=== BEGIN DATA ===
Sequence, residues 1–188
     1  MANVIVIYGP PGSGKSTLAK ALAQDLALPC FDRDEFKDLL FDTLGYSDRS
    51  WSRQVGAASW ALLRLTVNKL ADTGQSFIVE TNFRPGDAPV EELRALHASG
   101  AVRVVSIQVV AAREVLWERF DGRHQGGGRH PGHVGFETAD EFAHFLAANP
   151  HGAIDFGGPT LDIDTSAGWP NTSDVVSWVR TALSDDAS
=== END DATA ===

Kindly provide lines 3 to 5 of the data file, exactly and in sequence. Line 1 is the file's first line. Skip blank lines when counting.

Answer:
    51  WSRQVGAASW ALLRLTVNKL ADTGQSFIVE TNFRPGDAPV EELRALHASG
   101  AVRVVSIQVV AAREVLWERF DGRHQGGGRH PGHVGFETAD EFAHFLAANP
   151  HGAIDFGGPT LDIDTSAGWP NTSDVVSWVR TALSDDAS